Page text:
This week, Rachael Ritchey’s blog battle theme is Hair, and this is my entry. It seems to be Historical Fiction:
Behind The Mask
She had cried when they cut her hair. At least, that was what he had heard. But stories told from behind prison walls grow in legend or ridicule, depending upon who is doing the telling.
He had also heard that it was the only emotion she had shown. No other tears, not even when they passed down her sentence, when she was led to the stone tower where she would spend her final days, shut into darkness alone.
It had been her great beauty, apparently. Hair like pale sun on wheat, long enough to sit on. Add to that her youth and her lustrous grey eyes, set against the gilded halls she frequented, enough to make her stand out even in the most illustrious company.
But youth and beauty are no match for age and power, and the man she murdered had been powerful indeed. Never mind that he had been her father. Never mind the rumours of what he had done to her for years, had let his friends do to her, hidden behind privilege and the high walls of their palazzo.
He thought of his own daughter and his heart clenched, his being shying away from the idea of visiting such desecration on her tender flesh. He shifted, wood creaking beneath his feet, his hands tightening on the timber he held, worn smooth with use.
He could see her coming, now. Hear the calls and jeers of the crowd. Yet even they seemed more subdued than usual. Word had travelled, and she had more than the usual amount of sympathy. Including his own. He shook his head slightly, as if to dislodge the thought. He wondered, not for the first time, whether this had been the right path, the right choice, for him.
His job conferred privilege, though his family knew not what he did. Though he thought his wife might suspect, the nightmares that brought him screaming from sleep perhaps more than would trouble a captain of guards, as she thought him to be. He clenched his jaw, tilting his head to one side and stretching his neck, which had grown tight.
The cart drew to a stop at the base of the stairs. The crowd grew silent as the guards opened the back of the cart and helped her down, even their hands on her slender arms more of a courtesy than to stop her from escaping. She stumbled, her bare foot catching on the timber frame and several women cried out, the guards stopping her from falling.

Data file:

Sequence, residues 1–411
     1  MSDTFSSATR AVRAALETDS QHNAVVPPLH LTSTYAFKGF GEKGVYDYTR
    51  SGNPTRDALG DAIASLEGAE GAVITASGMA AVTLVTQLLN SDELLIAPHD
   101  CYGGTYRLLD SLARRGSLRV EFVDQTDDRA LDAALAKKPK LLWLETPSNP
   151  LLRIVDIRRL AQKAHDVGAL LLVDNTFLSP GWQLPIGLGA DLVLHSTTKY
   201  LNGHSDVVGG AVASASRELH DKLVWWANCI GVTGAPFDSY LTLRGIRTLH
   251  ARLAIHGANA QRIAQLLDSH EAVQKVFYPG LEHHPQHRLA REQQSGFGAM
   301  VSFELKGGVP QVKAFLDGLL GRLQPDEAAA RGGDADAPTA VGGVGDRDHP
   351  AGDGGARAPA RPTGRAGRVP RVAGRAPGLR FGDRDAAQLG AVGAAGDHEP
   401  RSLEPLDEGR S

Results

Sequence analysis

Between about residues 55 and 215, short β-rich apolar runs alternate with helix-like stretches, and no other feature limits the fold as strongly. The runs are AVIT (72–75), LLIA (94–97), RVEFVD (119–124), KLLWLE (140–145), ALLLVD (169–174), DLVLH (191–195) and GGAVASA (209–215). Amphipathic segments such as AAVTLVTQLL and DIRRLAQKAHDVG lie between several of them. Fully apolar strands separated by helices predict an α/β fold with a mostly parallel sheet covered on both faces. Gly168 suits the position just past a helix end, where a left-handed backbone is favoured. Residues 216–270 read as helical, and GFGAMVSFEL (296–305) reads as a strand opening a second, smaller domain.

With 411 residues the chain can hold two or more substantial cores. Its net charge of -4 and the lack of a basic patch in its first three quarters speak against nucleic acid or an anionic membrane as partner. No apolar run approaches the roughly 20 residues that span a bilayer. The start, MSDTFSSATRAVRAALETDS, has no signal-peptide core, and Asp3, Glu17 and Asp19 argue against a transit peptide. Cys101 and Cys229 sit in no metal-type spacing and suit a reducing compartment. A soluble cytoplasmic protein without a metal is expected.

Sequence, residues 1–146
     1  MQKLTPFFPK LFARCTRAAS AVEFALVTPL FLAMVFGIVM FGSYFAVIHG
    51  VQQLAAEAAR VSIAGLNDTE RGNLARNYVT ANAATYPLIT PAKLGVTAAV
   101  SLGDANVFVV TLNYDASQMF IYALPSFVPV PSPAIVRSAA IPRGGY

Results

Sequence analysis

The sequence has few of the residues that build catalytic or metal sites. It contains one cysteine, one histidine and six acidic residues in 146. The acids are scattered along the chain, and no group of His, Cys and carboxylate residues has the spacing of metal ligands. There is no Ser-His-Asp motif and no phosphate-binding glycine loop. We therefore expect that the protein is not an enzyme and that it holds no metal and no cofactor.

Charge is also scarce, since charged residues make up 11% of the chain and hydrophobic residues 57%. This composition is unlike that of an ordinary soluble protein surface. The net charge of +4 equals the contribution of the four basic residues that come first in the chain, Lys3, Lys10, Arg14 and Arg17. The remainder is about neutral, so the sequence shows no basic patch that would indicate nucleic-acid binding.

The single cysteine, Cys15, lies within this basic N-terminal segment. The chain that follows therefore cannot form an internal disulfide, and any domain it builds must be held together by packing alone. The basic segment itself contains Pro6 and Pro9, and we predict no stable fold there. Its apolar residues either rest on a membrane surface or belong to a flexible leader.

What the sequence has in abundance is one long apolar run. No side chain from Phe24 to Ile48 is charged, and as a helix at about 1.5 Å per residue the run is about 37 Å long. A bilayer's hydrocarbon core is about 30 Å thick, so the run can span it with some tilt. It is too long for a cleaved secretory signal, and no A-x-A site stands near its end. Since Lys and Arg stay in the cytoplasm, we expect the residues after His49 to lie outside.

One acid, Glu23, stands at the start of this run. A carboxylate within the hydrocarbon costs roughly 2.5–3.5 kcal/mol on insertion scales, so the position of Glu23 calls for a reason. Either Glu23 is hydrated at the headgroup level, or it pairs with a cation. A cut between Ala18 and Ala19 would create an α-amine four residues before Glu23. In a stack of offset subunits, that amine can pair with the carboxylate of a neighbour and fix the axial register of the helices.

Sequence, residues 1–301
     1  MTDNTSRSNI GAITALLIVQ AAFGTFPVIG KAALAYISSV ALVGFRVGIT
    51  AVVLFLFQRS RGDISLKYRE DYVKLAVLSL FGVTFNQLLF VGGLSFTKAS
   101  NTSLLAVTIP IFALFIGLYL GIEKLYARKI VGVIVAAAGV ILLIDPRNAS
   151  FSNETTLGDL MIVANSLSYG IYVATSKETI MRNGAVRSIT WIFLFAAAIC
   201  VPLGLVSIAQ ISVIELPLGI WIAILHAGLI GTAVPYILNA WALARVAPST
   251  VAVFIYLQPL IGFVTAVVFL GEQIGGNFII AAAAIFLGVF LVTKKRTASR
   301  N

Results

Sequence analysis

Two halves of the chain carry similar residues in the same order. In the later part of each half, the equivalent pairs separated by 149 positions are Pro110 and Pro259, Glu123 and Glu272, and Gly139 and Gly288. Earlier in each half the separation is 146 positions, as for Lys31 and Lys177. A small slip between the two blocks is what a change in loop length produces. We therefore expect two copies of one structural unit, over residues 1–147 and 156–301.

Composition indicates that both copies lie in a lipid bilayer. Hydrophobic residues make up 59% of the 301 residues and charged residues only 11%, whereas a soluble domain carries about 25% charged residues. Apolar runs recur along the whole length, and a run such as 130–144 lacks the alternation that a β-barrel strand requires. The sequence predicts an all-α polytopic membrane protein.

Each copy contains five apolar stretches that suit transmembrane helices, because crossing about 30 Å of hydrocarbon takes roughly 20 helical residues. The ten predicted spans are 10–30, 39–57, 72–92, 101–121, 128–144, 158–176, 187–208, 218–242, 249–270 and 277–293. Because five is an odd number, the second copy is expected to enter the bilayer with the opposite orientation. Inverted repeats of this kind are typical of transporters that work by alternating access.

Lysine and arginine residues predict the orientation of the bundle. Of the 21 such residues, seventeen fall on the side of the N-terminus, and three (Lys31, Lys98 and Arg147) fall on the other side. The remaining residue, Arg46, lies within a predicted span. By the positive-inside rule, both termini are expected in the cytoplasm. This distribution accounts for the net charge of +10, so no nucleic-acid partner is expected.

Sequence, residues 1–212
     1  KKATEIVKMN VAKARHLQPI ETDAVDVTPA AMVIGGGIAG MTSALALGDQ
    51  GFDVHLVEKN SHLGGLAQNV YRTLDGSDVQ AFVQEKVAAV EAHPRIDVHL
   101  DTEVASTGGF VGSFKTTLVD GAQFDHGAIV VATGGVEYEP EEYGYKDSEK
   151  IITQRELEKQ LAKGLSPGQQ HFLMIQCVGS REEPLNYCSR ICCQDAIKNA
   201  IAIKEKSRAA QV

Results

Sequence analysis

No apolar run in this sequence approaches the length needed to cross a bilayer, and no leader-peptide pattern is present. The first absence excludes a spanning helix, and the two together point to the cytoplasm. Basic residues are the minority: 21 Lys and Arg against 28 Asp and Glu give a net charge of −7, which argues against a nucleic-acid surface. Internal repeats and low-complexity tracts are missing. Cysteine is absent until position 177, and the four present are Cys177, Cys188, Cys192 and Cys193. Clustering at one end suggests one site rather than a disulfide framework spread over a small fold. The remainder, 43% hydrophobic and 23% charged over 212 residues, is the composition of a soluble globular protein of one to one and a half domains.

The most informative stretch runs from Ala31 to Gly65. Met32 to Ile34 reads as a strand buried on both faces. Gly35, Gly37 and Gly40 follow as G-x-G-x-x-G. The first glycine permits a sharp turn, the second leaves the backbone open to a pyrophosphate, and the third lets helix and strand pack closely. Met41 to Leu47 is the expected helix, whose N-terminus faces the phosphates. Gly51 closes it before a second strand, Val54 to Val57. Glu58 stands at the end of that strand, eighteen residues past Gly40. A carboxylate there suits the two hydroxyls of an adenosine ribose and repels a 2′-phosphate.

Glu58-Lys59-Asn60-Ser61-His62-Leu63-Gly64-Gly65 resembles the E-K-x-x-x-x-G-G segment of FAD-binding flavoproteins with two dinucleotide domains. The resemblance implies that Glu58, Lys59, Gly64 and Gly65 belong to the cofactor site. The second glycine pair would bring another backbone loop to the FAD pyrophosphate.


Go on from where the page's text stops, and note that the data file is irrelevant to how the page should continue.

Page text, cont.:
He had seen so many come to the scaffold. Crying, screaming, others numb with shock, still others pleading and begging, protesting to the very end. But she was none of these. She stood, looking at each guard until they let go of her arms. They did, finally, stepping aside. One of them bowed his head. She nodded in return. Then, taking the rough brown cloth of her skirt in her hand, she held it as though it were the finest silk, so as to ascend the stairs without tripping on the ragged hem.
He was glad to be wearing a mask. The official story was that it was to protect his identity, so that the relatives of the dead could not seek their revenge. But it was more than that. There was no room for sympathy, not in his job. He was merely a tool, delivering punishment meted out by the will of the people.
And yet, it was hard not to be moved when a girl of only sixteen summers made her careful way across the creaking timbers, her head held high. The cropped hair only served to heighten her youth, the fine bones of her face standing out against her pale skin. She stopped, looking at him with her head slightly tilted to one side. She seemed to be looking through the mask, to the very heart of him. He tensed. Then a ghost of a smile crossed her features and she moved closer still.
‘It is all right.’
She knelt, placing her hands carefully on the block and bending her head forward. Her exposed neck was slender like the stem of a flower, skin pale against the tattered edges of her shorn hair. The sun came through, briefly, gilding the ragged strands. Pale sun on wheat, just as the stories told.
He swallowed. Then swung the axe.